3. Smoky Mist in the Tanaan Jungle

Farlight Terrace, Tanaan 7-29-15

Early one morning while sipping coffee on a third-story balcony, I was absent-mindedly gazing into a forest when a mist-enshrouded maple captured my attention. In that instant I felt as if I’d been transported to a place of perfect peace – one of the few truly mystical experiences I’ve ever had. When I first saw the Tanaan Jungle from the heights of the backside of the Farlight Terrace, I was reminded of that morning. Landscapes sometimes prompt memories of other times and places. But more to the point of including this image is the delicious magical feeling or sense of mystery that misty mornings can evoke.

4. Sunset on the Gorgrond Coast of the Barrier Sea

Barrier Sea Gorgrond 3-29-15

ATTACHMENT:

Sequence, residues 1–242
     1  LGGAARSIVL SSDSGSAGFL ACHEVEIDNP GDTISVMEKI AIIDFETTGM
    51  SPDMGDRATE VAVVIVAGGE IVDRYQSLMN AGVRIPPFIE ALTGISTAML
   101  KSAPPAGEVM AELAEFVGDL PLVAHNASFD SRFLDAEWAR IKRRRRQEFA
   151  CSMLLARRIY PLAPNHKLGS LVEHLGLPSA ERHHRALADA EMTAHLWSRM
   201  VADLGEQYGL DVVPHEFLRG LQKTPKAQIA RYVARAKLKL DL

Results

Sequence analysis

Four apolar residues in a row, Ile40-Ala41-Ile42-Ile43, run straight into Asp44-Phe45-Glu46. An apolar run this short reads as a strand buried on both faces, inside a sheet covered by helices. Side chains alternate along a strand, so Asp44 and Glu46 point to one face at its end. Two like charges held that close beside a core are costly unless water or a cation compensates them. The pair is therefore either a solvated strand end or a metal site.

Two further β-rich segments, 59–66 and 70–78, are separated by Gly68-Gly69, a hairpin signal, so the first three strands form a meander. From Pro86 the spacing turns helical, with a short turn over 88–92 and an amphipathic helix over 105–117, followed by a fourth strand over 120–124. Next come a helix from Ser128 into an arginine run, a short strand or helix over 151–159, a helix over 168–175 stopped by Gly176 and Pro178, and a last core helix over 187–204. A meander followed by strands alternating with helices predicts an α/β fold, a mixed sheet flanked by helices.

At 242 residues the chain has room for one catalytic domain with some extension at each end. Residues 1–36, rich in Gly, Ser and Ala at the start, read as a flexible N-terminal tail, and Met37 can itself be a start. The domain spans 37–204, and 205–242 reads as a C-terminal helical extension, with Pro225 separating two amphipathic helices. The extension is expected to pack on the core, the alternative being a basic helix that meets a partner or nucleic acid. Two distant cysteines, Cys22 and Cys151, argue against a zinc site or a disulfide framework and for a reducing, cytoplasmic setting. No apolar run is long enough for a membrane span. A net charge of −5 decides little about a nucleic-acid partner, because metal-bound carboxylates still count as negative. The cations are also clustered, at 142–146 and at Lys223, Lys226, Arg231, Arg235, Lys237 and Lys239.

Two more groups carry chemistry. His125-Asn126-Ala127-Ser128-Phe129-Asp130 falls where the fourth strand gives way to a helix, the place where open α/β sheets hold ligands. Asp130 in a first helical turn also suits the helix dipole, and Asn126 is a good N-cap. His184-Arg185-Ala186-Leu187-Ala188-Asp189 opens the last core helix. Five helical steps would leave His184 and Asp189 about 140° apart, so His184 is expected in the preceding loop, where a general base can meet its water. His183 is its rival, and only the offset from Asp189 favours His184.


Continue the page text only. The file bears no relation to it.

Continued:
My husband and I enjoy camping at Peninsula State Park in Wisconsin’s Door County. Our favorite campsite is on top of a bluff only a short walk to a sunset viewing spot. Nearby is the village of Fish Creek where people gather at Sunset Beach Park or on docks to see the sun set over Green Bay. It’s almost a summer ritual. Why? The beauty of the colors, especially over water, calls us. That’s what called me to capture this shot. But I think it’s more than the ever-changing arrays of contrasting colors. If sunsets lasted all day long, they wouldn’t be special. Part of their awesomeness is their ephemerality. While watching a sunset, I often realize how short life and its pleasure are. Indeed, at any time, we live only in the moment. Be in it. Cherish it.